Severity: Critical Alert

Entry/Exit: Slovenia lifts ban on travel between different municipalities starting April 30. Additional COVID-19-related restrictions remain in place.

This alert affects Slovenia

This alert began 30 Apr 2020 20:08 GMT and is scheduled to expire 16 May 2020 23:59 GMT.

  • Incident: COVID-related restrictions
  • Location(s): Nationwide (map)
  • Time Frame: Indefinite
  • Impact: Severe travel and business disruptions

Authorities in Slovenia have begun gradually easing restrictions that had been imposed as part of the country's effort to stem the spread of coronavirus disease (COVID-19). The government has lifted the ban on intercity in the country as of April 30. Moreover, cafes and restaurants will be allowed to reopen outdoor seating spaces starting May 4. Authorities also anticipate that public transport could resume operating on May 11. Nevertheless, other restrictions that will remain in place include:

  • The suspension of passenger flights through at least May 12
  • A ban on nonessential movement in public spaces
  • The closure of many private businesses and public institutions

In addition, a number of border crossings with neighboring countries are closed or operating on reduced timetables, with authorities carrying out increased health screenings at those which remain open. Most individuals arriving in Slovenia are subject to a mandatory 7-14-day self-isolation period. The restrictions do not apply to freight transporters. Corresponding, and often stricter border restrictions imposed by neighboring governments are also impacting movement out of Slovenia; the Ministry of Foreign Affairs is currently advising Slovenian nationals against travel abroad.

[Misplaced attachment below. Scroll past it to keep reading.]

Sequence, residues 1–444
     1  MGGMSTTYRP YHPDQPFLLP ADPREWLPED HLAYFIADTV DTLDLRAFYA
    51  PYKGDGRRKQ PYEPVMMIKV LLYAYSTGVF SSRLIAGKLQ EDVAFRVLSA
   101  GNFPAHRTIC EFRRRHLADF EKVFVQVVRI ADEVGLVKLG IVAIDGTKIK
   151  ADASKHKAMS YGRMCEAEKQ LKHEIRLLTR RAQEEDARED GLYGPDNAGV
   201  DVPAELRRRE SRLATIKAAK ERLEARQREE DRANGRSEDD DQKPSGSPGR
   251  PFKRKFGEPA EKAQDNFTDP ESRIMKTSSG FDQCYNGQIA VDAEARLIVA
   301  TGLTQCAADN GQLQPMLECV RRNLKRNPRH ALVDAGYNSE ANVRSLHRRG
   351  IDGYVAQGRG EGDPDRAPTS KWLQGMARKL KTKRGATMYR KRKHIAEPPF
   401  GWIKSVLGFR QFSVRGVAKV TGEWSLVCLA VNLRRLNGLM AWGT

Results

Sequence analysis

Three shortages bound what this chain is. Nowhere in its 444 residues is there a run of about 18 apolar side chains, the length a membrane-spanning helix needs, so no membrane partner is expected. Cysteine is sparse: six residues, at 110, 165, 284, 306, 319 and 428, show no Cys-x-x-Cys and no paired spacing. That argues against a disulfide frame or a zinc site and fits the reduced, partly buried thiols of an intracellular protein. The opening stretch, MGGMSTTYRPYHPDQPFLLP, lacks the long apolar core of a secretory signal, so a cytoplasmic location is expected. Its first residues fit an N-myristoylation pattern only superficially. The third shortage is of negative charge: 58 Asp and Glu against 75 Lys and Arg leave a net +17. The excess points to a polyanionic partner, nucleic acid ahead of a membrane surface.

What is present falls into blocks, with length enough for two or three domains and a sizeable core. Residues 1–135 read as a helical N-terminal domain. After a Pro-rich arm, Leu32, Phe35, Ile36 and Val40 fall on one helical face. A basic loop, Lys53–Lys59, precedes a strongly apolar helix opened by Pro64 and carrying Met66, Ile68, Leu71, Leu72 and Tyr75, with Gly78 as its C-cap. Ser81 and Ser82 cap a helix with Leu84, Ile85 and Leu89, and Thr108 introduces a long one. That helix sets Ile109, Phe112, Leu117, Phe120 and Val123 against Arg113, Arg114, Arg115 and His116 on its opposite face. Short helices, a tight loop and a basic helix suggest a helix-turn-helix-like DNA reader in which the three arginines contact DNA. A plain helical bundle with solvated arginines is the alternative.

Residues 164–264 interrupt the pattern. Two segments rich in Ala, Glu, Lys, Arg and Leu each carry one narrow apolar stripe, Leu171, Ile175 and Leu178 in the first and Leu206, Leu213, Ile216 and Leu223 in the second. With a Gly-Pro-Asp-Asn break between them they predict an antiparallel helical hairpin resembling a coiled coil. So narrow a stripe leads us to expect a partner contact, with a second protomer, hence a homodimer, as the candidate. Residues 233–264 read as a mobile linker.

The measures enacted by Slovenian authorities are in place indefinitely, except where indicated otherwise. Any restrictions may be extended or amended with little to no advance notice, depending on disease activity over the coming weeks.

Background and Analysis
The measures taken by the Slovenian government are similar to actions taken by other European governments in recent days in response to the spread of COVID-19. COVID-19 is a viral respiratory disease caused by infection with the SARS-CoV-2 virus (previously known as 2019-nCoV). Symptoms occur 1-14 days following exposure (average of 3-7 days). These symptoms include fever, fatigue, cough, difficulty breathing, sometimes worsening to pneumonia and kidney failure - especially in those with underlying medical conditions. On March 11, the WHO declared the ongoing COVID-19 outbreak a pandemic.

Follow all official instructions. Abide by national health and safety measures. Reconfirm all travel arrangements. Consider delaying traveling if experiencing symptoms associated with COVID-19, as they may prompt increased scrutiny and delays. Liaise with trusted contacts for further updates and guidance. Maintain contact with your diplomatic representation. Ensure contingency plans account for further disruptive measures or extensions of current restrictions. Reconsider and reconfirm nonemergency health appointments. Plan for queues and delays at available shopping centers.

Emphasize basic health precautions, especially frequent handwashing with soap and water, or an alcohol-based hand sanitizer if soap and water are unavailable. Practice good coughing/sneezing etiquette (i.e., covering coughs and sneezes with a disposable tissue, maintaining distance from others, and washing hands). There is no evidence that the influenza vaccine, antibiotics, or antiviral medications will prevent this disease, highlighting the importance of diligent basic health precautions.

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